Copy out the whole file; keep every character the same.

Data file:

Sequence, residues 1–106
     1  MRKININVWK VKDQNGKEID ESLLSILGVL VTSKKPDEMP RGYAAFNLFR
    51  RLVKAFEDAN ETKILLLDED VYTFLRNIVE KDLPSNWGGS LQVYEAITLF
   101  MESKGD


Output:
Sequence, residues 1–106
     1  MRKININVWK VKDQNGKEID ESLLSILGVL VTSKKPDEMP RGYAAFNLFR
    51  RLVKAFEDAN ETKILLLDED VYTFLRNIVE KDLPSNWGGS LQVYEAITLF
   101  MESKGD